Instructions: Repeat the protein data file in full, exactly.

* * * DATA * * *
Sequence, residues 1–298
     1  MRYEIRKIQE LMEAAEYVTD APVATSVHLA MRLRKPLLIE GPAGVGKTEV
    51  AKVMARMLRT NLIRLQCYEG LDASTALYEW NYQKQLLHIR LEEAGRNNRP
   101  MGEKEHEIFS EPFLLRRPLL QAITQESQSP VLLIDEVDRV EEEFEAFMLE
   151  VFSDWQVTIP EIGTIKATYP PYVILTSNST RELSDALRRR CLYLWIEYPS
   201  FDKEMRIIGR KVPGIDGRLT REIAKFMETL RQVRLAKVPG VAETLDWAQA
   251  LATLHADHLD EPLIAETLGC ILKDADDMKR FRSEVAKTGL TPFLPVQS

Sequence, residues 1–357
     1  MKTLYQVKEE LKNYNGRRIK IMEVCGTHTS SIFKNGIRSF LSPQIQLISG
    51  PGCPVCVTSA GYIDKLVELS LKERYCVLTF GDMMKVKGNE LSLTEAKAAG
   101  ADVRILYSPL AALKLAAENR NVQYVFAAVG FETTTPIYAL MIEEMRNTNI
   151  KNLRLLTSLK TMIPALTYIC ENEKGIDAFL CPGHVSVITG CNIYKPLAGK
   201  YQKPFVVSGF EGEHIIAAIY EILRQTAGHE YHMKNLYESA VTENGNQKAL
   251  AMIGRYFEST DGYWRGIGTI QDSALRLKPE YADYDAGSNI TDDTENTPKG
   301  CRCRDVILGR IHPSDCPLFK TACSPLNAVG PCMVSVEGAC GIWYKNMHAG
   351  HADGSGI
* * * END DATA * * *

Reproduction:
Sequence, residues 1–298
     1  MRYEIRKIQE LMEAAEYVTD APVATSVHLA MRLRKPLLIE GPAGVGKTEV
    51  AKVMARMLRT NLIRLQCYEG LDASTALYEW NYQKQLLHIR LEEAGRNNRP
   101  MGEKEHEIFS EPFLLRRPLL QAITQESQSP VLLIDEVDRV EEEFEAFMLE
   151  VFSDWQVTIP EIGTIKATYP PYVILTSNST RELSDALRRR CLYLWIEYPS
   201  FDKEMRIIGR KVPGIDGRLT REIAKFMETL RQVRLAKVPG VAETLDWAQA
   251  LATLHADHLD EPLIAETLGC ILKDADDMKR FRSEVAKTGL TPFLPVQS

Sequence, residues 1–357
     1  MKTLYQVKEE LKNYNGRRIK IMEVCGTHTS SIFKNGIRSF LSPQIQLISG
    51  PGCPVCVTSA GYIDKLVELS LKERYCVLTF GDMMKVKGNE LSLTEAKAAG
   101  ADVRILYSPL AALKLAAENR NVQYVFAAVG FETTTPIYAL MIEEMRNTNI
   151  KNLRLLTSLK TMIPALTYIC ENEKGIDAFL CPGHVSVITG CNIYKPLAGK
   201  YQKPFVVSGF EGEHIIAAIY EILRQTAGHE YHMKNLYESA VTENGNQKAL
   251  AMIGRYFEST DGYWRGIGTI QDSALRLKPE YADYDAGSNI TDDTENTPKG
   301  CRCRDVILGR IHPSDCPLFK TACSPLNAVG PCMVSVEGAC GIWYKNMHAG
   351  HADGSGI